CDC 2022 Opioid Guidelines for the United States
The CDC Clinical Practice Guidelines for Prescribing Opioids for Pain is a framework designed to help health care providers in the United States offer safe and effective pain treatment. This compilation of guidelines is applicable to acute, subacute, and chronic pain, with the exceptions of pain management related to cancer, sickle cell disease, palliative care, and end-of-life care. Additionally, the management of opioid use disorder is included.
2022 recommendation areas
Twelve recommendations are grouped into four areas, which include the following:
- Determining whether to initiate opioid treatment
- Selecting the appropriate opioid type and dosage
- Deciding the duration of the initial opioid prescription and conducting follow-up
- Assessing risks and addressing potential harms of opioid use
Each recommendation is also categorized into A or B.
- Category A recommendations indicate that most patients should receive the recommended course of action and that advantages have been determined to greatly outweigh disadvantages.
- Category B recommendations indicate that different courses of action may be appropriate for different patients and situations. This category also includes more balanced advantages and disadvantages.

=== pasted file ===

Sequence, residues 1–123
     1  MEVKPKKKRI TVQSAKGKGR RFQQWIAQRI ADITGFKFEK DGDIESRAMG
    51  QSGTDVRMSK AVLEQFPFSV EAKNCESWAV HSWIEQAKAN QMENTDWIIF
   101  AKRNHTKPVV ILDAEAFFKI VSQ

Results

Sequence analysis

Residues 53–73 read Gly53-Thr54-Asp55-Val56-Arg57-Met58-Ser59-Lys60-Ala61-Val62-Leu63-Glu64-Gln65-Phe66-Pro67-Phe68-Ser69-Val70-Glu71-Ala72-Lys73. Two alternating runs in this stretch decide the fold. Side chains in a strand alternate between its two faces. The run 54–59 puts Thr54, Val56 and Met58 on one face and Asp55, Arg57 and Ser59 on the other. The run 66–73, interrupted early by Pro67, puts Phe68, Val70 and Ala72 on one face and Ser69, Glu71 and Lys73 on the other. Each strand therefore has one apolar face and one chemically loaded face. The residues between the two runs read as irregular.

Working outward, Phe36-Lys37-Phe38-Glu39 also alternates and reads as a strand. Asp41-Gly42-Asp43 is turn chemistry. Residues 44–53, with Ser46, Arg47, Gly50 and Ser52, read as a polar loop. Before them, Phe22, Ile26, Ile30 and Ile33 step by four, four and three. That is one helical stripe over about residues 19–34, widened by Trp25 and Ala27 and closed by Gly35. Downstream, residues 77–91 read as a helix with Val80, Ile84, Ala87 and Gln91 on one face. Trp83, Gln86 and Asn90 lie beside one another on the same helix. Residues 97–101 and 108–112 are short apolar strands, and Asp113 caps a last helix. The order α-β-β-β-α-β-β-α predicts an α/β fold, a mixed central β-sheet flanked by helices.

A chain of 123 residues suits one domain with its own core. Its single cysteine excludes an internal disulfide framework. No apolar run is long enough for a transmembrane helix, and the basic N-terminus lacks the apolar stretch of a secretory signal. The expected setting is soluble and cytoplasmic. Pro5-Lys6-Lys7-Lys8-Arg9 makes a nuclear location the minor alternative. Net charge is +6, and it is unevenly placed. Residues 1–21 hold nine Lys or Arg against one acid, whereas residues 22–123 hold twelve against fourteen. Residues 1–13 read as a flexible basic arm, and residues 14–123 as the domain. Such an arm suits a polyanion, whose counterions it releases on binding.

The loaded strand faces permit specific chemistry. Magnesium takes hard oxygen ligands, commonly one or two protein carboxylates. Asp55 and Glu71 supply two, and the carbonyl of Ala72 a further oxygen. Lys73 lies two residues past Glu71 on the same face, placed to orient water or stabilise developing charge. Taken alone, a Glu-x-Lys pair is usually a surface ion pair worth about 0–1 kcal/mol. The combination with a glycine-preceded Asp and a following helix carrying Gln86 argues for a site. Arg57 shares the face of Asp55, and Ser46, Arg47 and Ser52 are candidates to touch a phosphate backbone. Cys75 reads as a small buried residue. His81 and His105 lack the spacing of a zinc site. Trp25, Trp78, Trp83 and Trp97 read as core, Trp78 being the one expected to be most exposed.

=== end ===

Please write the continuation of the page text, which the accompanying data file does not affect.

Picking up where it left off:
Area 1: Determining whether to initiate opioid treatment for pain
Recommendation 1: Nonopioid therapies are at least as effective as opioids for many common types of acute pain (recommendation category: B). Clinicians should maximize use of nonpharmacologic and nonopioid pharmacologic therapies as appropriate for the specific condition and patient, and only consider opioid therapy for acute pain if benefits are anticipated to outweigh risks.
Recommendation 2: Non-opioid therapies are preferred for subacute and chronic pain (recommendation category: A). Clinicians should maximize use of nonpharmacologic and nonopioid pharmacologic therapies as appropriate for the specific condition and patient, and only consider initiating opioid therapy if expected benefits for pain and function are anticipated to outweigh risks.
Area 2: Selecting the appropriate opioid type and dosage
Recommendation 3: When starting opioid therapy for acute, subacute, or chronic pain, clinicians should prescribe immediate-release opioids instead of extended-release and long-acting (ER/LA) opioids (recommendation category: A).